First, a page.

ORLANDO, FLA. — A clash of basic values is hindering progress in a new China-U.S. trade deal as well as in getting trade talks going with the European Union, said Arlan Suderman, chief commodities economist at INTL FCStone.
In remarks at INTL FCStone’s Global Markets Outlook conference on March 4, Mr. Suderman said asking the European Union to include agriculture in upcoming trade talks would be like asking China to move to a free market economy, terming both situations a “significant values clash.”
China sees its economy and military as one with no interest to change, Mr. Suderman said. China’s strategy for superiority is seen as a strategy for security.
U.S. President Donald Trump needs to think about the next election in two years, while China’s “president for life,” Xi Jinping, needs only to keep the core group of 400 leaders in the communist party happy, Mr. Suderman said. China knows that the recently-elected Democrat-controlled U.S. house makes Mr. Trump a weaker negotiator, as does the short-term nature of his presidency, either two or six more years. Under China’s current structure, it would take another eight years to change how the economy operates. If the European Union joined the United States in its pressure on China, the change could happen in four years, he said, but the E.U. lacks the will power and the economic strength to do so.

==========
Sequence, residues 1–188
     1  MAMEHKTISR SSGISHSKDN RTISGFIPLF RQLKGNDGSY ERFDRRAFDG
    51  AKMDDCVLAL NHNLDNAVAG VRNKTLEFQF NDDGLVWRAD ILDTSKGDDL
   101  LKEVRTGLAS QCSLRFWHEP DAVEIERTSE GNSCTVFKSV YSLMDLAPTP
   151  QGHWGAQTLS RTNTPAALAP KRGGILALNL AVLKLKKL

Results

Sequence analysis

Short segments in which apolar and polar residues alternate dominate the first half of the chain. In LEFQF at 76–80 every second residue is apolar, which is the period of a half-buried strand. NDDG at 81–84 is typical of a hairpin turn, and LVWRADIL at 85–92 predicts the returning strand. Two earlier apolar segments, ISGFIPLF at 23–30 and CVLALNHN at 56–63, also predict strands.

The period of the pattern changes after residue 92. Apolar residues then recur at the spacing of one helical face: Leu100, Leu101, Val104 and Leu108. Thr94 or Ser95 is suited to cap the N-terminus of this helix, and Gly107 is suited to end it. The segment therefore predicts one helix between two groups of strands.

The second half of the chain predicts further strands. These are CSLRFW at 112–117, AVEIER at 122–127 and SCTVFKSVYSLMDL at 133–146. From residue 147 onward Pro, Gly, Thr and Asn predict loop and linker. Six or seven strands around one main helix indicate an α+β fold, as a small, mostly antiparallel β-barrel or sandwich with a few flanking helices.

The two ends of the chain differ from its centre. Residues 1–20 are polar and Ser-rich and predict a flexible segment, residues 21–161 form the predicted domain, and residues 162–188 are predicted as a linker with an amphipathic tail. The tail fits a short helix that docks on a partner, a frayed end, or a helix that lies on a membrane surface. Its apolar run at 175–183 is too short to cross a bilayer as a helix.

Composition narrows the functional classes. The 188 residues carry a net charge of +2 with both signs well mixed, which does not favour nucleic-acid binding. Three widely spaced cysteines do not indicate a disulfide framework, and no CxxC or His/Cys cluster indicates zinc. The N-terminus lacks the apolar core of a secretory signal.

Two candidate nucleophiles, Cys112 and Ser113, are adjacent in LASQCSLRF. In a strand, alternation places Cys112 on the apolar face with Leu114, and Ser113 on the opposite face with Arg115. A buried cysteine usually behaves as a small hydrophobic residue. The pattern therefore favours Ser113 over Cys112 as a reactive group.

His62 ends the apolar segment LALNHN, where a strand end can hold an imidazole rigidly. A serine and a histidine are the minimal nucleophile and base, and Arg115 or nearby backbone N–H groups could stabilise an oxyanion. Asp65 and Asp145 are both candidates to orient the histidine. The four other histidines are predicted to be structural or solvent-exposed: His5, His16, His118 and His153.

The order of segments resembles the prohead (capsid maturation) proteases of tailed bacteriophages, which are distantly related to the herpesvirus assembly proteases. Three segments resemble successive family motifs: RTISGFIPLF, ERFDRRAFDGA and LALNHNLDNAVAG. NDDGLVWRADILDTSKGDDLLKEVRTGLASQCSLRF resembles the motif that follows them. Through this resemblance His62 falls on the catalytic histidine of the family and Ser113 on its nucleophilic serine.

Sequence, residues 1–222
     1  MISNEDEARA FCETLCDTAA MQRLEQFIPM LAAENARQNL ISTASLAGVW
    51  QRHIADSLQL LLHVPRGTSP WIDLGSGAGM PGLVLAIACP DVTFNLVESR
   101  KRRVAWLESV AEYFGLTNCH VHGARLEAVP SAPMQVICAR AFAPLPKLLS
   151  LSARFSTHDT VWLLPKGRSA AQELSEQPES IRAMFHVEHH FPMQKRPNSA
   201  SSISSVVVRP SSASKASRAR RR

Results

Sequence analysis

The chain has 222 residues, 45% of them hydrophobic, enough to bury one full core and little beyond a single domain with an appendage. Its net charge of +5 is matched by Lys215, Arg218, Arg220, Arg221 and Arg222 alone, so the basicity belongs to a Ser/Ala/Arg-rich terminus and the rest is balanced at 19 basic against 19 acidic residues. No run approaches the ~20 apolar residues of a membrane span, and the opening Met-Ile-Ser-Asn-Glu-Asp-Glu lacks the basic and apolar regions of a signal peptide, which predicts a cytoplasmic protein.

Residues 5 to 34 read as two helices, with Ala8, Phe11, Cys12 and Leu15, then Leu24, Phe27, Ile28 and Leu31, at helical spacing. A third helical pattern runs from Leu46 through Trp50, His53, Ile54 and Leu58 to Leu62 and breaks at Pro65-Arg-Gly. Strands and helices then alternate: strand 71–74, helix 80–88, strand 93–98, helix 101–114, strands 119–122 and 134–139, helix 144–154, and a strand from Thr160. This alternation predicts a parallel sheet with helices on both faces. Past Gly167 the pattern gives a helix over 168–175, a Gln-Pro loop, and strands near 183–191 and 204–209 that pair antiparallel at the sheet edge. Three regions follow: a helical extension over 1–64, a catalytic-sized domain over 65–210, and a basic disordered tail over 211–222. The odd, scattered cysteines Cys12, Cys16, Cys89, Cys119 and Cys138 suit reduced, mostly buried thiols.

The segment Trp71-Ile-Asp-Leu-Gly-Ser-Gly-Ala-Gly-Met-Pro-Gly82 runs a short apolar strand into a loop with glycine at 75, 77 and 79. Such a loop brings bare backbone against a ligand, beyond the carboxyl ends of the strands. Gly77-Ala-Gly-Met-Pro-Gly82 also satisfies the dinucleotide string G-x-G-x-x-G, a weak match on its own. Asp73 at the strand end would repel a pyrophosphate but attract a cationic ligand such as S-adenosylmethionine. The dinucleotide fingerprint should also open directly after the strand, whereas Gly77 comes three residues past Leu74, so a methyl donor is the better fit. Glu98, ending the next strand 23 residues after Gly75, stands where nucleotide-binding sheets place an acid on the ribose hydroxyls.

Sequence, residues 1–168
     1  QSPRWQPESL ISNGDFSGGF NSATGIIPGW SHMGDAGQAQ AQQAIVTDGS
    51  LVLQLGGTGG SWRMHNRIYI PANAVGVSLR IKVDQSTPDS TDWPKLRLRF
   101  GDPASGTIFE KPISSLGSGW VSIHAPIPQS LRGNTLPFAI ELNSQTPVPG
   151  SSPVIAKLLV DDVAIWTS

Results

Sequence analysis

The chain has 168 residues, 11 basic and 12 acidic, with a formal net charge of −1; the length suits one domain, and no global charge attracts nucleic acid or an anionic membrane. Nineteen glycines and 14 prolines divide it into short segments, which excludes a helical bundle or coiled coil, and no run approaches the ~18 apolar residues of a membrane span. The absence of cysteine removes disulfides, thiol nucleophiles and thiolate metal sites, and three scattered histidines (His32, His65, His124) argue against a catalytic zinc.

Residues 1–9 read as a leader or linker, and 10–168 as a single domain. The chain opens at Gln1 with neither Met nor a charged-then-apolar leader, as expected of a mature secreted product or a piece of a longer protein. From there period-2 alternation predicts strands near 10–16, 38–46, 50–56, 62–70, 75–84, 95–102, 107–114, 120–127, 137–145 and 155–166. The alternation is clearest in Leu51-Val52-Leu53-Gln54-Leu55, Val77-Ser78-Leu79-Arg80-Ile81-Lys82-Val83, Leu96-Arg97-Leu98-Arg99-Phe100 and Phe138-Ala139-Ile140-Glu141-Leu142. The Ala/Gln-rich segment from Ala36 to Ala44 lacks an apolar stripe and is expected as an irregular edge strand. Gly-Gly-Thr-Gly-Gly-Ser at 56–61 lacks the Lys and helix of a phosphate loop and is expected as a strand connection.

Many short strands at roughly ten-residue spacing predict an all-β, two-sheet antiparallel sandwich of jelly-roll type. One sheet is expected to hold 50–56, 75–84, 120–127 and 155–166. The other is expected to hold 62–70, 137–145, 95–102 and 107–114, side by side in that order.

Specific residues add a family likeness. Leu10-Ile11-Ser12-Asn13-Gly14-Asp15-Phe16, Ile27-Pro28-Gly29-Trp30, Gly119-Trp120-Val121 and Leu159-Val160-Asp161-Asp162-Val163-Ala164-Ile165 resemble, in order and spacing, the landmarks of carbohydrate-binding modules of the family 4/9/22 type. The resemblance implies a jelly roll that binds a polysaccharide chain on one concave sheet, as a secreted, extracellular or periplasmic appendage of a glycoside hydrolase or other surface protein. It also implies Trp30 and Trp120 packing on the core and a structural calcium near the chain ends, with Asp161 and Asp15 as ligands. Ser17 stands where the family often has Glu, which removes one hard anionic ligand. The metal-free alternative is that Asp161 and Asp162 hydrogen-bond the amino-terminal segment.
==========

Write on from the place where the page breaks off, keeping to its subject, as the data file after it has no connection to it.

Instead of moving toward reform, China’s government has moved toward stronger control, in part due to rumblings within the Communist part about Mr. Jinping’s handling of the trade war.
China has a history of making promises and not keeping them, Mr. Suderman said, noting that in the past China has made promises to one U.S. administration and then not kept them under the next administration without repercussions. There’s little chance that a trade deal will change the way China does business long term, he said.
“China needs a deal to get its economy going,” Mr. Suderman said, noting indications that China’s economy is growing at only about 1.5%, well below “official” growth estimates above 6% and much slower than in recent years. The trade war has hurt China a lot more than it has hurt the United States because of China’s export-based economy versus the United States’ consumer-based economy, he said.
“Trump and Xi need a trade deal,” Mr. Suderman said. “They have incentive, as does Trump to kickstart his 2020 campaign.”
Currently, Mr. Jinping is trying to “throw money at the Trump base to force him to make an agreement,” he said.
The greatest potential impact could be on U.S. corn, Mr. Suderman said. He also noted a scenario in which China could import U.S. corn, blend it with old, lower-quality corn it its own reserve, and make a profit selling it at high domestic prices.
“I don’t see a scenario that will fix the soybean balance sheet,” Mr. Suderman said, noting that South American soybeans will undercut U.S. soybeans.